Kris Bliesner: Yeah, so Vega was really designed around the idea that the market was stuck in this reporting bucket right? So cloud observability cloud health cloudability cloud checker were were built from the get go before multi-cloud was the thing before scale cloud was the thing really built as observability tool to help you understand your bill and. Where costs were going and maybe do a little bit of recommendations but they weren’t great and at the end of the day people were werent it was noise people weren’t doing what they needed to get done because there wasn’t automation to go get the work done so it was sort of like your cars broke. You take it to the mechanic and you say hey I need your help and the mechanic says well here’s the part you need. But I don’t have them and I can’t fix it for you. That’s a pretty frustrating conversation to have over and over with customers and that was sort of where the industry was prior to Vega and so we really wanted to bridge that gap between reporting and operations and so that was the real big aha moment for us was how do we bring our capabilities having run a managed service provider which is all about operations. How do we bring that capability from a decade of doing that and combine that with the reporting capabilities that we also had early on um and build out this platform designed from from the ground up as multi-cloud scale large enterprise um to be able to do these things right? So that I can not only tell you where you’re spending and how to fix it. But I can actually help you fix it right? I can bring that automation forward and today if you’re going to do what vega does you’re going to have to buy a half dozen or more tools and that’s frustrating as a cio right now I’m paying 6 different vendors. So my costs have gone up if a manager service provider my my margins have gone down because my cogs are are much bigger.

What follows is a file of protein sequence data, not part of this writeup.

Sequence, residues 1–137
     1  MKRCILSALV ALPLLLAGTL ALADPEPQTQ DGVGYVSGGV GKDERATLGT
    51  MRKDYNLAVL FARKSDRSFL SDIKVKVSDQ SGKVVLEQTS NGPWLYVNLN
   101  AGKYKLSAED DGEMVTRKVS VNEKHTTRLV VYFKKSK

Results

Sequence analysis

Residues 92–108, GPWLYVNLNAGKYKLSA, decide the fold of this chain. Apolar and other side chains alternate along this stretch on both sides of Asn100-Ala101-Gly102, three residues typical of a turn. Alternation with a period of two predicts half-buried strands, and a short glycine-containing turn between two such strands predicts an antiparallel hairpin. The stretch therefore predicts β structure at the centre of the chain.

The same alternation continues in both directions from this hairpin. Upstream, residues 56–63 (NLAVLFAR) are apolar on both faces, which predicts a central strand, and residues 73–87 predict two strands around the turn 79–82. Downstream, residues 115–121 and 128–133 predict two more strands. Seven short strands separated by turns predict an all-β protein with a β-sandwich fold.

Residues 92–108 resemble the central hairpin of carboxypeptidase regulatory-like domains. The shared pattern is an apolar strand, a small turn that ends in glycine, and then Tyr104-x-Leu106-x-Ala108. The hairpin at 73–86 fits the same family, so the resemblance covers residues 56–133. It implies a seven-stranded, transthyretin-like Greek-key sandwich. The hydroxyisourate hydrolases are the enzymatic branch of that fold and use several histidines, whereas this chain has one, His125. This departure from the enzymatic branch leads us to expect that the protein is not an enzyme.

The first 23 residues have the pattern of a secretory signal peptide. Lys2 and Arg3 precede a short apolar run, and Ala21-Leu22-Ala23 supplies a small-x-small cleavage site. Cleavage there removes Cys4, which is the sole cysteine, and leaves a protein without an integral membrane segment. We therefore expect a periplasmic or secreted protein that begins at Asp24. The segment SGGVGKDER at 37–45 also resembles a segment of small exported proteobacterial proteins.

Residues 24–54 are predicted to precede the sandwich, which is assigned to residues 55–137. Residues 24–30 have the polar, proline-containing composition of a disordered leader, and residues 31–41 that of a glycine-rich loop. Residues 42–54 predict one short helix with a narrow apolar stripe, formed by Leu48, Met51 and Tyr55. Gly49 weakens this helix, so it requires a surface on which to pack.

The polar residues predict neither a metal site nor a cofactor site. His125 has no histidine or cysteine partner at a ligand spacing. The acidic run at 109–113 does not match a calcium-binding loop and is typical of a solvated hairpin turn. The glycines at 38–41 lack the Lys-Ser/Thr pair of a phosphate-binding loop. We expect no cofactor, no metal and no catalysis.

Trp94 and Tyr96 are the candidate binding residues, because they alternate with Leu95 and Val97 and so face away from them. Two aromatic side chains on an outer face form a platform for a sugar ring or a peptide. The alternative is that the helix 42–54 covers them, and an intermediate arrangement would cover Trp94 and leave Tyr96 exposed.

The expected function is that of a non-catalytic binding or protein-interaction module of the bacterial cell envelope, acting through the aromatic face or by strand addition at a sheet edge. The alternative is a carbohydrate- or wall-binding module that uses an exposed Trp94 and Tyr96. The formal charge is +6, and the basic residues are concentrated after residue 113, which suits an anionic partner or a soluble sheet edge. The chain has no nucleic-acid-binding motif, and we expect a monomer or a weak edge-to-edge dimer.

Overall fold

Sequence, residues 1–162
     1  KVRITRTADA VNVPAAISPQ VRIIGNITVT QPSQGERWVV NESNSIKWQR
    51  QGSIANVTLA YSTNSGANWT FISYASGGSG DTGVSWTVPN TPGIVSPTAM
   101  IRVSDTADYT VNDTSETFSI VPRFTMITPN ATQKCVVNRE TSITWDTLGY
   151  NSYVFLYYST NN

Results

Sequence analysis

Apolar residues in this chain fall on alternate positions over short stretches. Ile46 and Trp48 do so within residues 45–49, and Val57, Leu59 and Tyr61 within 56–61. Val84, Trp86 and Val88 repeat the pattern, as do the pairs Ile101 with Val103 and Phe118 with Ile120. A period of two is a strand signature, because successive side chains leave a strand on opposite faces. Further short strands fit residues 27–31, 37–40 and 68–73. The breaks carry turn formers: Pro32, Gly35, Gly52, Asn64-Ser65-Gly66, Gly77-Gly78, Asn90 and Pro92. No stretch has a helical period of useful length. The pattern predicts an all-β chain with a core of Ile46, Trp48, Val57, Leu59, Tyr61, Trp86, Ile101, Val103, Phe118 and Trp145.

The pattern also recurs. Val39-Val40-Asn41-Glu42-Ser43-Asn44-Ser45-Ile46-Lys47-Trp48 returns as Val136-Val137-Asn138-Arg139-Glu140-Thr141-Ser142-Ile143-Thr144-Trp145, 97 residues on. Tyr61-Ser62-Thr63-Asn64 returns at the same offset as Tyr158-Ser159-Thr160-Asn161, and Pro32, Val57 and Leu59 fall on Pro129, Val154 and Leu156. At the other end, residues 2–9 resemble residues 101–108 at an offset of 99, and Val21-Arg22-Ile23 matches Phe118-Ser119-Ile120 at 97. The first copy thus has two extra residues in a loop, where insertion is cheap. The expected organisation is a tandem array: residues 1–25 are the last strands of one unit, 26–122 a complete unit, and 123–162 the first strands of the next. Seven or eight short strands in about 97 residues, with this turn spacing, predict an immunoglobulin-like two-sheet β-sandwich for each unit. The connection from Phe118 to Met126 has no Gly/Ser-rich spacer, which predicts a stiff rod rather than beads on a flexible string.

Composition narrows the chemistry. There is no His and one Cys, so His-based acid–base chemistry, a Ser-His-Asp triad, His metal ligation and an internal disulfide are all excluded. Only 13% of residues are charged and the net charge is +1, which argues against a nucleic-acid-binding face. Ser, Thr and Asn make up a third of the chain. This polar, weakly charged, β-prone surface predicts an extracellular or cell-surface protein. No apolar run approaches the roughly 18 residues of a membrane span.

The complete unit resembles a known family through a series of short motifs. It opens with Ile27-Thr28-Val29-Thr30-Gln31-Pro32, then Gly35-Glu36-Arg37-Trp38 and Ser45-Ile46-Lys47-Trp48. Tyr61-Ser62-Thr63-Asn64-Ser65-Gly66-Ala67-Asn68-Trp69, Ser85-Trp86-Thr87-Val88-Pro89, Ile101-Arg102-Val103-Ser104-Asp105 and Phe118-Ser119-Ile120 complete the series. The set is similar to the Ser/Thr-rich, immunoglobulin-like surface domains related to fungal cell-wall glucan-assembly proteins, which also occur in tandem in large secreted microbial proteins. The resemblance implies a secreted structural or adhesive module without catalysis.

Kris Bliesner: Like it’s just it’s it’s a frustrating experience. It’s very much akin to the security landscape honestly and I think why you see Palo alto and a lot of those companies buying more and more and trying to become a platform because Cios and csos are are frustrated because they’re having to buy 20 different tools to protect their environment and do something that’s important for the organization. But now I got to integrate those tools and. Figure it all out. Um, they want to avoid that on the cloud optimization side. So Vega is a platform that they can purchase and they don’t have to go buy another 6 tools and so it’s a way for us to to retire a lot of that stuff and and be able to have a platform play that that felt like the right business model for us and it’s it’s shown itself in in our customer base.